Computer system failure puts US meat safety at risk
A malfunction in the computer system used by thousands of Agriculture Department inspectors at the 6,500 meatpacking and processing plants across the United States caused a two-day outage, potentially increasing the risk of millions of pounds of pork, beef and poultry being contaminated with E.coli and other bacteria, the New York Times reported.
Quoting inspectors at meat processing plants, the newspaper said that they had to rely on paper forms to carry out some of their duties and in some cases it was too late to check the meat, as it had already left the facilities. Stan Painter, a federal inspector in Alabama and leader of the inspectors' union, told the paper that inspectors could not check meat that had left plants while the system was down.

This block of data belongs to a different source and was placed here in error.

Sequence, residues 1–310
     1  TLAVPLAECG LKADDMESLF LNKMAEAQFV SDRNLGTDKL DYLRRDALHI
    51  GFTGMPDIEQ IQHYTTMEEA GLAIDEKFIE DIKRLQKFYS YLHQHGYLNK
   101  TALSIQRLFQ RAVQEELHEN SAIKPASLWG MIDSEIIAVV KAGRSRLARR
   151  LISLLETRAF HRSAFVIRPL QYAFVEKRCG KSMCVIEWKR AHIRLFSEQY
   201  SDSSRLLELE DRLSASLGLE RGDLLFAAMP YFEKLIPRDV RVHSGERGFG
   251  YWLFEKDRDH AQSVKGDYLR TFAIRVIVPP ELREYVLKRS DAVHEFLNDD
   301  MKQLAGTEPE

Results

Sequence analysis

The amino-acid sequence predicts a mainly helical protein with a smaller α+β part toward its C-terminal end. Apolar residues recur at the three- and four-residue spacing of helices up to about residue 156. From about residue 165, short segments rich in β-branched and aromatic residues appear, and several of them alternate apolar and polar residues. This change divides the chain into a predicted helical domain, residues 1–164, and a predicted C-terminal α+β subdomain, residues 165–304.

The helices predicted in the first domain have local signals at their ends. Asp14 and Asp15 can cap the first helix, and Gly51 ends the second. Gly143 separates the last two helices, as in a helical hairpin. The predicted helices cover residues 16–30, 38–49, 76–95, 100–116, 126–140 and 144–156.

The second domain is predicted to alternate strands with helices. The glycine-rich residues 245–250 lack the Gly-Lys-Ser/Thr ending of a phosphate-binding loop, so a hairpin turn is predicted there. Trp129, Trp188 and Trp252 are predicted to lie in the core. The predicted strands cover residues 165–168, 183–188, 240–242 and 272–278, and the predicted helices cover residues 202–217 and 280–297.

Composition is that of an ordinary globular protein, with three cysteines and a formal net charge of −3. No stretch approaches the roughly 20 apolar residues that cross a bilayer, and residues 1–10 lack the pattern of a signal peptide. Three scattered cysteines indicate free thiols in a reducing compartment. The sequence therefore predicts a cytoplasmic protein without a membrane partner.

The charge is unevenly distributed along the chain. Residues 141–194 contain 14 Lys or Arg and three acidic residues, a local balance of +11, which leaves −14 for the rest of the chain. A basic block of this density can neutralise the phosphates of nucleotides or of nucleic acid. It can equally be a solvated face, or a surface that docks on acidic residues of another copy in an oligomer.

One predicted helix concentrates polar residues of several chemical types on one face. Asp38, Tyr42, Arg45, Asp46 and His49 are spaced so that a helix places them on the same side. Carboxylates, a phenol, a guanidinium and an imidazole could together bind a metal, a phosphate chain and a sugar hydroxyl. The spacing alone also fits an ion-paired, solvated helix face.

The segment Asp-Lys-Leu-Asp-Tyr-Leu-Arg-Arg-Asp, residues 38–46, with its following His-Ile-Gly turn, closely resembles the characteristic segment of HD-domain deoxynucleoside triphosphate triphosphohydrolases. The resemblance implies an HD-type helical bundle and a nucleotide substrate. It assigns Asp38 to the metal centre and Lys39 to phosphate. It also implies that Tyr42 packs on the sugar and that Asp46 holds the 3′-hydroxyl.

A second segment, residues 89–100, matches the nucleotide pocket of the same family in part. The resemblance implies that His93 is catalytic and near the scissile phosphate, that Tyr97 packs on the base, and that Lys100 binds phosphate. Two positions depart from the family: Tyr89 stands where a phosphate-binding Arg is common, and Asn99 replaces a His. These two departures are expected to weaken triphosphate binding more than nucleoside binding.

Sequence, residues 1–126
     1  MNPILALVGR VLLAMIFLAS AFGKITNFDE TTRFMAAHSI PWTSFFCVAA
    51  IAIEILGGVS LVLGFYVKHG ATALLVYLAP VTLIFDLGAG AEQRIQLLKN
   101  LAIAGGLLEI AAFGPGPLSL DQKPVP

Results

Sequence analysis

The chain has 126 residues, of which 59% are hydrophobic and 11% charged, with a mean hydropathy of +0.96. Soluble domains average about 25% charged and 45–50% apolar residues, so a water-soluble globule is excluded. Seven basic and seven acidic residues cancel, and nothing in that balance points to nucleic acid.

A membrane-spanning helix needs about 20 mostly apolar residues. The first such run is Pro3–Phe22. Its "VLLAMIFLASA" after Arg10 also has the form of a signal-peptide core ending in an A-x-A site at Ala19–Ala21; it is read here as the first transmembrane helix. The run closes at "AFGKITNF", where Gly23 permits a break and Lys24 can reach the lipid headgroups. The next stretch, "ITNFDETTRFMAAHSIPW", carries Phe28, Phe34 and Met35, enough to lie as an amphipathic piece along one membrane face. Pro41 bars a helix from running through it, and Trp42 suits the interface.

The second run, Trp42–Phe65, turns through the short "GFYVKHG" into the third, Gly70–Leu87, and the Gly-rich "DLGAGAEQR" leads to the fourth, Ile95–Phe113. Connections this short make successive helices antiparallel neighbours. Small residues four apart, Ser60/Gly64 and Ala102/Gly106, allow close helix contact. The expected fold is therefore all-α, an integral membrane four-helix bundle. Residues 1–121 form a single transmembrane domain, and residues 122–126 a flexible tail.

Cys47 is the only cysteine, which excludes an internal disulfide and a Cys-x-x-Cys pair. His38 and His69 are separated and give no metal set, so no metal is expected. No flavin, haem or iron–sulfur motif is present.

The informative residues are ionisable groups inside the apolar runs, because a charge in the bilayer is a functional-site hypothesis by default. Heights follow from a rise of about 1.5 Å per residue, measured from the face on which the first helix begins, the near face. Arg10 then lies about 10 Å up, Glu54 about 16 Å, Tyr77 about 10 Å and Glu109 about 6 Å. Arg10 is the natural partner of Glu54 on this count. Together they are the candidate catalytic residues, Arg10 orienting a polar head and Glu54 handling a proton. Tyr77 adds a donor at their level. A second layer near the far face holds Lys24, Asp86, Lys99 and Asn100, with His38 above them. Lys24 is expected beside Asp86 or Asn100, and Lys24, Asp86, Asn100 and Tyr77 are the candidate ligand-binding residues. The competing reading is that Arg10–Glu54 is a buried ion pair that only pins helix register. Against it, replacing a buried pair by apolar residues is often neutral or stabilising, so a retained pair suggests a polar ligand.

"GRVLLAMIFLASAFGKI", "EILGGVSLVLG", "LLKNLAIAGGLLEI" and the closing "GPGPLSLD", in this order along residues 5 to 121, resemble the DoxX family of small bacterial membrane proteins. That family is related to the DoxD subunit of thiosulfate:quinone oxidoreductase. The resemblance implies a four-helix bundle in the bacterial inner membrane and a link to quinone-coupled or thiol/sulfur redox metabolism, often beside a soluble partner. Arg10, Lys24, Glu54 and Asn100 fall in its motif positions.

So far no announcements about contaminated meat on the U.S. market have been made, following the system failure earlier this month. Officials from the Agriculture Department stated that there was no risk to public health.
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The new computer system was introduced in 2011 and is used by approximately 3,000 inspectors in slaughterhouses and processing facilities. It allows inspectors to take samples from plants and send them electronically for lab analysis. Thanks to the new system the results are received faster than before, the department explained.
The glitch in the system was the latest of a series of failings since its launch. Inspectors want to do their work properly but the tools they are given by the Agriculture Department keep interfering with this, Painter said.